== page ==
The Influenza Adventure

I turned the corner and stopped. A bird on the floor. Why hadn’t they found this one? Those fools they’d been bodging this one from the start. Tapped the pigeon with the side of my boot. I could lift it of the ground easily enough. I stopped short of tipping it over, I could smell maggots. That had been all I wanted to know. It had been lying there for a while.

I walked closer and suddenly I saw what I had been expecting since I turned the corner. They looked like they had just been on a space ship with all of the suits that they were wearing or that some kind of nuclear spill. It all seemed slightly incongruous for Croydon.

One of them started bounding toward me. Actually he was moving quite quickly. But he looked like he should have been moving in slow motion. That was one of the weird things about these suits not only was it silly looking and separated you from your colleagues in a time when a close and frank exchange of ideas might be the most crucial thing you could have on your team. But amongst all of that was the disconcerting realisation that people were moving around in these suits much too quickly. Because the thing with the suits was that they put you so in mind of space that you expected people to plod forward like they had a kilo of marshmallows attached to each foot.

As he arrived near me I realised two things almost simultaneously. First that it was my good friend Geoffrey inside the suit and second that he had a second suit over his right arm.

“Hullo Citron, how’s things?”

“Things have so far been fine. Although if you do try to make me wear that suit I will kill you.”

I could see Geoffrey was looking me up and down and wondering which was the better thing in his life to be afraid of; me or his bosses. He already knew what his decision was but on some kind of whimsical off chance he thought he should ask me just in case he could avoid trouble.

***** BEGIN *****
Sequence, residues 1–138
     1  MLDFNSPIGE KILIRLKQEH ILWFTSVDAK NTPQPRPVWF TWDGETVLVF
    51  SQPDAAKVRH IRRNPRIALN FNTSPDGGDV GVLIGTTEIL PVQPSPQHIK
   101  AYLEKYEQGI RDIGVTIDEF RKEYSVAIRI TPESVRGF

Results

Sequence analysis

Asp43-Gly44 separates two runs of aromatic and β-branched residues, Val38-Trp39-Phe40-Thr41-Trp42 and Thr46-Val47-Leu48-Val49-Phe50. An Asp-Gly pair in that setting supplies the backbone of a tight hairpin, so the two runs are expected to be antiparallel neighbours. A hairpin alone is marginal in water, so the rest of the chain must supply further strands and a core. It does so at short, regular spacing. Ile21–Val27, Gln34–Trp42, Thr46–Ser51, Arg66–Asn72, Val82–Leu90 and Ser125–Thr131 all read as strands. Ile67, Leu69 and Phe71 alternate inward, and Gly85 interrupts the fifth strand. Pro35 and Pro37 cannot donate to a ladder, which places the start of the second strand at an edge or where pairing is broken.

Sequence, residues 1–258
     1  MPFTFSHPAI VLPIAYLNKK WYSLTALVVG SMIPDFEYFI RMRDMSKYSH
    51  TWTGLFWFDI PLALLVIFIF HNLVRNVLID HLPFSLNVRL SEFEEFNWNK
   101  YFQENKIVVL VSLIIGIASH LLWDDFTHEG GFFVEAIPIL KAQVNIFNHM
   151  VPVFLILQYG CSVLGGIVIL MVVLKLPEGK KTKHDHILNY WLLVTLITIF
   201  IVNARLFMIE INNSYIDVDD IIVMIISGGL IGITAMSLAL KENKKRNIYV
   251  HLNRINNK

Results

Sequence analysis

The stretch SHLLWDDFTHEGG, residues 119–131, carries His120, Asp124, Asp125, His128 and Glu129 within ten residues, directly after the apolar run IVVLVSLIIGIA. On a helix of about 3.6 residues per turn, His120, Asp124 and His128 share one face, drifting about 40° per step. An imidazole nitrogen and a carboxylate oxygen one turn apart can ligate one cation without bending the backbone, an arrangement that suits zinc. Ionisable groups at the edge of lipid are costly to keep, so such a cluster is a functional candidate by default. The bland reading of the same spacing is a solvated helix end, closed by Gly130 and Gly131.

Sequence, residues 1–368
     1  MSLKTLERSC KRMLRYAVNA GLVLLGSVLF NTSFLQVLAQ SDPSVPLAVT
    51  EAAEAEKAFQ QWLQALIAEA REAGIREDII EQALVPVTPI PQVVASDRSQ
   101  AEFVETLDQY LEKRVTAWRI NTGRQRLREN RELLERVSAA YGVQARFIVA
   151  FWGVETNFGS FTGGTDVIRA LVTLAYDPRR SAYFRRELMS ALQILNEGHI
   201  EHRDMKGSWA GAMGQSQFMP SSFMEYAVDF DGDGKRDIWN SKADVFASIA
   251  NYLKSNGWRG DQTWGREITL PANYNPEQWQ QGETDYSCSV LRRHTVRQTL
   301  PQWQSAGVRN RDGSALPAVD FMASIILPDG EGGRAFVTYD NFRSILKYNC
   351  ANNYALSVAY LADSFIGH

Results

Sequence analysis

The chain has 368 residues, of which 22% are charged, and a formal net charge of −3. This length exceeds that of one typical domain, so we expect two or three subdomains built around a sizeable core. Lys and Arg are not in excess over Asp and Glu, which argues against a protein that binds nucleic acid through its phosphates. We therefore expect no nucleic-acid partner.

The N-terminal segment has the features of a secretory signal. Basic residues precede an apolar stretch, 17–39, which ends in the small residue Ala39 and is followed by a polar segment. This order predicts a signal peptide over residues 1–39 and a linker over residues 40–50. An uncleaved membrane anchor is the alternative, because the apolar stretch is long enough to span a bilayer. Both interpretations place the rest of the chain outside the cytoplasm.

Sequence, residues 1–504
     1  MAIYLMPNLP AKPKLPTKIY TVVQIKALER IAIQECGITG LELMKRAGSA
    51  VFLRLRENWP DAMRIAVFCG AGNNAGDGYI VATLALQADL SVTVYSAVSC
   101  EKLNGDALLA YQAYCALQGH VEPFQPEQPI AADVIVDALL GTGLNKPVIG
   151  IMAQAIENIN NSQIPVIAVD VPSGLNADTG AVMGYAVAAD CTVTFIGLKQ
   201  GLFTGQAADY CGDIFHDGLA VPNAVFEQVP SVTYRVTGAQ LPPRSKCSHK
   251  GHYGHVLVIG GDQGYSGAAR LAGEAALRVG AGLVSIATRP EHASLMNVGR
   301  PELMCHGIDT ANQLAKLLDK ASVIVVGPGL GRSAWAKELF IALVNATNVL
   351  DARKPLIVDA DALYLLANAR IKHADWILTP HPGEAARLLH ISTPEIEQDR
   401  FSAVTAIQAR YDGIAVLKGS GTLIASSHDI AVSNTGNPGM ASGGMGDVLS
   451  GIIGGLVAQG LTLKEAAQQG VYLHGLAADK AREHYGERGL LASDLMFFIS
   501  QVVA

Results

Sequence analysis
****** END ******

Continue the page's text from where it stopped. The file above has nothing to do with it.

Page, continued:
“Wouldn’t it be safer to wear it?”

“Perhaps it would, but that would have required me to have not stumbled over a dead bird at the end of the street and outside of the exclusion zone. This would has already gone wrong.”

Geoffrey looked at me mournfully. He knew he would probably get in trouble for this. I saw there, loitering on his face, the understanding that he’d made the right decision. Knowing that he’d done it I couldn’t help but give him the excuse he needed.

“If it is bird ‘flu I wouldn’t need to be here. It wouldn’t be a police matter until the contamination had been dealt with.”

And with his reaction I had got my first information confirmed. I could have been called because the bird ‘flu had been purposely infected by someone and they didn’t know by who and that would in fact have happened before the contamination was completed.

But in fact something else was happening. The disease control people were starting to believe that it wasn’t actually a disease. And that’s why the bird had been left on the street. They were getting careless.

“How did you know that Citron?”
“You know I don’t play parlour games Geoffrey. Come now tell me what you know.”

Tune back next Friday for part two of the Influenza Adventure.

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